If you work for a non-profit institution, the chances are you could benefit from having a blog. Libraries, charities, academic departments, pressure groups, research projects - in all of these cases if you have a static website, it's worth adding a blog too (and if you're about to create a static website, stop! Create a blog instead, and just include all the other pages you'd planned).
Forgot what you might have heard about blogs dying or being 'over', blogs are great for non-profit organisations. Ultimately they're just a way of getting information online, either to show people or for them to find on their own. It doesn't matter if people don't subscribe to your blog, or even if they understand whether or not it IS a blog at all. It's just a way to connect people with that they need.
Why are blogs so great? What matters is what they do for your audience. They make your information easier to find, and easier to use. There are a number of key reasons it's worth setting one up for the types of institutions listed above.
1. Blogging platforms come mobile-ready
This is essential now - already the world accesses the internet more on mobile devices than on desktops. People check for information on the go, wherever they are. You need to greet people with a mobile option. Wordpress, Blogger, Tumblr - all of these automatically create attractive, functional mobile versions of your blog (and its associated site). This particularly vital if your main institutional website ISN'T mobile ready - for example if you're an academic department trying to attract new students, and your wider University site only has a desktop version for now.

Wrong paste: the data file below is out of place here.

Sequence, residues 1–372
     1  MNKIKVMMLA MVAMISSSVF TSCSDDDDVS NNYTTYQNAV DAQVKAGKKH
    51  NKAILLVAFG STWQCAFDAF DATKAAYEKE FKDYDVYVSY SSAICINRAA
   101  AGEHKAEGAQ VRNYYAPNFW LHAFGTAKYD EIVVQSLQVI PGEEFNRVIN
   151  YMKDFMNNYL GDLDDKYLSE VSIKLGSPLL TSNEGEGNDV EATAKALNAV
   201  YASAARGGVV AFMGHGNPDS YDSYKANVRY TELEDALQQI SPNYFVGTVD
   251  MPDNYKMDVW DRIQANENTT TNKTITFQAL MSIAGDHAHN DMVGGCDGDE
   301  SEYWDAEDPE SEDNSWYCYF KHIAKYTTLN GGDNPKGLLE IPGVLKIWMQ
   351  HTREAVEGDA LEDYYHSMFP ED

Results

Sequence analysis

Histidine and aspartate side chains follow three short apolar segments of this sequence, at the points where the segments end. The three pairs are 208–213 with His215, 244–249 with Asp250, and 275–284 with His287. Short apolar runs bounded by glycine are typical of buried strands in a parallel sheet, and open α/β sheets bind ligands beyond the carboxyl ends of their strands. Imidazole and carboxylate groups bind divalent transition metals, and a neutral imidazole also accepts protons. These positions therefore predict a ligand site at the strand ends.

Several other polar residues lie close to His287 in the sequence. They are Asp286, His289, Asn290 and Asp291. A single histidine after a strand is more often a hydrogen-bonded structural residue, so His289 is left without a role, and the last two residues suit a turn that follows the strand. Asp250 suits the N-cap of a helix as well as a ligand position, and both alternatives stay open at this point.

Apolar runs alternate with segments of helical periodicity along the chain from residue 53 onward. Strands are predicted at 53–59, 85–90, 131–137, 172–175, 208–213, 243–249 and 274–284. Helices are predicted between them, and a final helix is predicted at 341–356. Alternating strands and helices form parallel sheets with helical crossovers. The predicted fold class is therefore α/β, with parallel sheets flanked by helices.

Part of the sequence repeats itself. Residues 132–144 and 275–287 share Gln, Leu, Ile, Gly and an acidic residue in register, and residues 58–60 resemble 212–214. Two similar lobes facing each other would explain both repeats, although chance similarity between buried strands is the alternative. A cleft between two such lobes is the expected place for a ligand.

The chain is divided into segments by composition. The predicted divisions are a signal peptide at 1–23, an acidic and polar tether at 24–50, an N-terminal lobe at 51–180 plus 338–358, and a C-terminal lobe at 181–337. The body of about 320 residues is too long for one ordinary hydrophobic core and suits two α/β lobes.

2. Google loves blogs
By which I mean, blogs tend to be ranked highly by Search Engines.
Google - and every other Search Engine - likes regularly updated content, and so ranks blogs better accordingly. Google doesn't ACTUALLY love blogs (first it got rid of its RSS Reader, and now the very useful Google Blog Search has been given the push too) but due to the fact that new, well tagged and and well described content is consistently being added to the site via blog posts, there's more for Google to find. Another major thing search engines like is incoming links - people linking to your site from theirs. This is more likely to happen if you publish engaging content regularly than if you have a static site with basic 'About' information on it.
You don't need to become obsessed with SEO or to frantically chase hits to your site - you just want the maximum number of relevant people to find the content you create, with the minimum of fuss. Blogs help with this.
3. You can have URLs for everything
People share things with their network and with their peers all the time. And the way they do this is to point people to a link - a URL - and say 'have a look at this useful content'. A blog allows you to do this well: each post has its own URL, so each set of information can be discretely linked to.
This is much more desirable than the alternatives.
- If you have ALL your information on one webpage this becomes harder to do ('have a look at this useful content, 3/5ths of the way down the page, buried under that less relevant stuff')
- Or even worse, if you just put the info in emails so people have to copy and paste the text and can only really send it on via another email
- Or, worse still, have the info in a PDF so no one ever looks at in the first place let alone shares it